My Year in Books, 2019

I took a brief hiatus from writing these reviews in August and September. During that break, I read Cormac McCarthy's Suttree, a 1979 novel sometimes cited as its author's masterpiece, and not only because it is his longest single work. Influenced by Ulysses, Herzog, and Henry Miller, Suttree is a plotless, ribald, melancholy city novel: … Continue reading My Year in Books, 2019

My Year in Books, 2018

Looking back, I see that I did a lot of rereading in 2018. Some of it was out of necessity (teaching), and some for pleasure. Some of it showed up in the reviews I post here, while some of it was devoted to books I've already written about in the last five years. I was … Continue reading My Year in Books, 2018

William Giraldi, American Audacity: In Defense of Literary Daring

American Audacity: In Defense of Literary Daring by William Giraldi My rating: 4 of 5 stars Though better known as the novelist who wrote the now-Netflixed Hold the Dark, William Giraldi has over the last decade been amassing a mighty corpus of literary criticism. Two tendencies set Giraldi's essays apart from those of his peers. … Continue reading William Giraldi, American Audacity: In Defense of Literary Daring

My Year in Books, 2017

But let's start with movies. Ten years ago, the Scottish musician and critic Momus observed that one of the most acclaimed films of 2007, Guillermo del Toro's Spanish-Civil-War fantasy Pan's Labyrinth, was morally and politically simplistic and (or because) artistically complacent. He gave ten objections to the film; I will quote the first two: 1. The … Continue reading My Year in Books, 2017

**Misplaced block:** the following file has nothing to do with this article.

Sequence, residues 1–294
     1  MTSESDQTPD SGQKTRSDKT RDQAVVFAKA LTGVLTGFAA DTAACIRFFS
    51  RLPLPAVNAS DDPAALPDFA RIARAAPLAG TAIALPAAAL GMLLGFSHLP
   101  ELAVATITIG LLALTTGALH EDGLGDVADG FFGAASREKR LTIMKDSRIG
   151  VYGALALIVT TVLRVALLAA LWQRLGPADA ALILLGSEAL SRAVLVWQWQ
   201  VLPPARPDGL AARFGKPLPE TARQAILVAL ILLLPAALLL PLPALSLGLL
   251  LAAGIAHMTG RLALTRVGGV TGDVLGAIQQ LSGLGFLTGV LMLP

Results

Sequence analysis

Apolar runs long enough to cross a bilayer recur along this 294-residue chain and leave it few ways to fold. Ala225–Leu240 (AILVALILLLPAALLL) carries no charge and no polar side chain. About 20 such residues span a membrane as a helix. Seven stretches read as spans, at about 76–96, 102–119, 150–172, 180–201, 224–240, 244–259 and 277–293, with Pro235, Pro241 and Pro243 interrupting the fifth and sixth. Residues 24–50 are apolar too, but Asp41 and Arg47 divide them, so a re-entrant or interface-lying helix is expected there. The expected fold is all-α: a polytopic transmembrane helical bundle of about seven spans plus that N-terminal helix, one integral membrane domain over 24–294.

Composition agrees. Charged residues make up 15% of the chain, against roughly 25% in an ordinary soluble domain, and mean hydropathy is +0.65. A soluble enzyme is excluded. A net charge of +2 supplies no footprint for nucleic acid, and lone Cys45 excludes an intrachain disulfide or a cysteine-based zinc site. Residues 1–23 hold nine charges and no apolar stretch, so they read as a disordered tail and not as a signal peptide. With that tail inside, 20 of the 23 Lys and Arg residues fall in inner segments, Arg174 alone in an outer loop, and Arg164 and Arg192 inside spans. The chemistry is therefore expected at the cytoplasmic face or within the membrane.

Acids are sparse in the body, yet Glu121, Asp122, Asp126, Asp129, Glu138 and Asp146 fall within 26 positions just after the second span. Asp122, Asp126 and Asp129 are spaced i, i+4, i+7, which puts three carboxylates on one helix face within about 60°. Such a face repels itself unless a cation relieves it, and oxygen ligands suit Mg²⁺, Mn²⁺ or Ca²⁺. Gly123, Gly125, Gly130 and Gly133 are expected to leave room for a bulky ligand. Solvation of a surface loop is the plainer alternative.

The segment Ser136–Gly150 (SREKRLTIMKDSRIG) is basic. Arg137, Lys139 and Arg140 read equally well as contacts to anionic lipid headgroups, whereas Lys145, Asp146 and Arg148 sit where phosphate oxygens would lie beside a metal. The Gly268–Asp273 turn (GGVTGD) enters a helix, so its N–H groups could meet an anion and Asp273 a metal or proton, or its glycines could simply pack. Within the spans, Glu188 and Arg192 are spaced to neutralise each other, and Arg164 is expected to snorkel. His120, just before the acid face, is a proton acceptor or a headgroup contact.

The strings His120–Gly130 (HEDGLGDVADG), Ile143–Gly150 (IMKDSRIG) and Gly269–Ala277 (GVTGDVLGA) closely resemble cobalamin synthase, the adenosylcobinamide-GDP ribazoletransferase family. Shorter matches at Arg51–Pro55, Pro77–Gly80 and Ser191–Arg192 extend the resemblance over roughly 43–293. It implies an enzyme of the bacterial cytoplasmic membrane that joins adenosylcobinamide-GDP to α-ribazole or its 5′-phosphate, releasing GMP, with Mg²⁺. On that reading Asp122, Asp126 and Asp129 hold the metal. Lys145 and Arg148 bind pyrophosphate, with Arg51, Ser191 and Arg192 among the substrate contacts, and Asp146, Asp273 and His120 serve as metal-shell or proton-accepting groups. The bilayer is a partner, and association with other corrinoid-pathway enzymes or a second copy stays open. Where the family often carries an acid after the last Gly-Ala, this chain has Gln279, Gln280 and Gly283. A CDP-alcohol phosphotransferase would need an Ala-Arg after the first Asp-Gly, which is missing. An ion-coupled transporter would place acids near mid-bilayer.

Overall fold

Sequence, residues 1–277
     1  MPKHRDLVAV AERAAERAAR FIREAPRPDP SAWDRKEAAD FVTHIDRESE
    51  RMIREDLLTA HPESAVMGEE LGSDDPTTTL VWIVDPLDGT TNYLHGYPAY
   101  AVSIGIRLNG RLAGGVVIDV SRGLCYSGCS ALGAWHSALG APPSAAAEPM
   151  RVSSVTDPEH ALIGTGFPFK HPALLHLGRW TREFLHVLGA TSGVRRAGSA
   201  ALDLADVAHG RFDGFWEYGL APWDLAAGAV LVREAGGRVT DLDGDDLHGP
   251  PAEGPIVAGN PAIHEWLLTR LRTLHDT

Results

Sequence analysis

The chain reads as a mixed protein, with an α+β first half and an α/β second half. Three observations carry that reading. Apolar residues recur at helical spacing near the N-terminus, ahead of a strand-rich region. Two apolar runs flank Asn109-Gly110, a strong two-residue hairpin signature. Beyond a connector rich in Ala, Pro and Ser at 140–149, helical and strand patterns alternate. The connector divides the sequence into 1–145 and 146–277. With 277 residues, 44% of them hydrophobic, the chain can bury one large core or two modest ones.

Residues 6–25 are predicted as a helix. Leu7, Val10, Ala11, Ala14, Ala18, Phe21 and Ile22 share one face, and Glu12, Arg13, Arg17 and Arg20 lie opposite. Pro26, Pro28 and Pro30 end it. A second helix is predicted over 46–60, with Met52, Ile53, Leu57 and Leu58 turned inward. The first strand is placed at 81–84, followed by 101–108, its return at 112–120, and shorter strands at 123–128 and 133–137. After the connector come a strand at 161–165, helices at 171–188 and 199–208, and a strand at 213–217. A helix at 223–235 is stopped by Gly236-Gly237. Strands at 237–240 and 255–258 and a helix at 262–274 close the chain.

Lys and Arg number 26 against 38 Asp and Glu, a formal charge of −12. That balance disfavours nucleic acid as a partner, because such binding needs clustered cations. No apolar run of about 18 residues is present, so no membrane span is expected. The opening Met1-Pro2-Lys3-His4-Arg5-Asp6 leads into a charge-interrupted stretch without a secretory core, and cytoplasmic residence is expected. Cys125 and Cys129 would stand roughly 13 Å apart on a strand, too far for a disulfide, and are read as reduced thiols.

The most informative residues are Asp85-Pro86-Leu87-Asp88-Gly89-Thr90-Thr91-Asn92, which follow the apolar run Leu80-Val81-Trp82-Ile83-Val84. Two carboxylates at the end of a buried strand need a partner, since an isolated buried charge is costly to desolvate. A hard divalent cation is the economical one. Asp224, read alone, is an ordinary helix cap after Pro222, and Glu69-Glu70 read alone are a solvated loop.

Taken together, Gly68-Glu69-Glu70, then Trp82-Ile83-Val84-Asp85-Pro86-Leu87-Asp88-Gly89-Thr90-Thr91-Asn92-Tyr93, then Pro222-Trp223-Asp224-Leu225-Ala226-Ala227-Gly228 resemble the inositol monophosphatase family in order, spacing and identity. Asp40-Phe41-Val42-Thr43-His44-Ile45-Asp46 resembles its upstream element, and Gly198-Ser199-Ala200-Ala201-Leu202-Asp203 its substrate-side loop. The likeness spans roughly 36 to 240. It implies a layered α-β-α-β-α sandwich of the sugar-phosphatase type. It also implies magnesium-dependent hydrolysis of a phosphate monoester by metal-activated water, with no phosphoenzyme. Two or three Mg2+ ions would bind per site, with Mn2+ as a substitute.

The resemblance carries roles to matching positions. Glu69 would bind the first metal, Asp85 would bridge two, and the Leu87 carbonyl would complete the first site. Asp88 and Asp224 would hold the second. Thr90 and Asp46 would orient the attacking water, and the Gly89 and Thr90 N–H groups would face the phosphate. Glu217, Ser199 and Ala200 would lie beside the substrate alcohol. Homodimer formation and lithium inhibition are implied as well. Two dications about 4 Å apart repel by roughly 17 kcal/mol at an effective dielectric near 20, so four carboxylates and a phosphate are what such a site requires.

Elizabeth Hardwick, Herman Melville

Herman Melville by Elizabeth Hardwick My rating: 4 of 5 stars A review with, or in, digressions: Elizabeth Hardwick, who died a decade ago at 91, is having a literary revival. Her collected essays are due later this year; articles abound, and will abound. Sentences are offered for our delectation. Sarah Nicole Prickett gives us … Continue reading Elizabeth Hardwick, Herman Melville

David Mamet, Glengarry Glen Ross

Glengarry Glen Ross by David Mamet My rating: 4 of 5 stars Look. Look. Are you LISTENing to me? I'm not some Brooklyn beggar, okay? I'm not some fucking Oberlin grad with a hunnerd fucking grand in fucking debt and rent a coupla grand a month. I'm not some fucking slave in the clickbait content … Continue reading David Mamet, Glengarry Glen Ross

Marilynne Robinson, Gilead

Gilead by Marilynne Robinson My rating: 3 of 5 stars I found Marilynne Robinson's second novel, Gilead (2004), to be literally stunning. That is, every time I picked it up to read a few pages I would become dazed with boredom or would even fall asleep, knocked out by the novel's descriptive vagueness and tonal … Continue reading Marilynne Robinson, Gilead

Vladimir Nabokov, The Enchanter

The Enchanter by Vladimir Nabokov My rating: 3 of 5 stars VN's first pass at the Lolita subject matter, The Enchanter was written in 1939—making it one of the author's last works composed in Russian—but not published until 1986, in this translation by Dmitri Nabokov, who details the novella's origin and complex textual history in … Continue reading Vladimir Nabokov, The Enchanter

Louise Erdrich, Love Medicine

Love Medicine: Deluxe Modern Classic by Louise Erdrich My rating: 4 of 5 stars Browsing in a library the other day, I came upon a reference—in I don't recall which book by I don't recall which author—to the idea of a real novelist, as opposed to a novelist whose primary interests are moral or ideological … Continue reading Louise Erdrich, Love Medicine

Paul Pope, 100%

100% by Paul Pope My rating: 4 of 5 stars Synthesizing romance comics with the sexy global dystopias popular since the early 1980s, this 2005 graphic novel was aptly described by one Goodreads reviewer as "a cyberpunk Love, Actually." 100% charts three love stories through a future New York City. It began as a set … Continue reading Paul Pope, 100%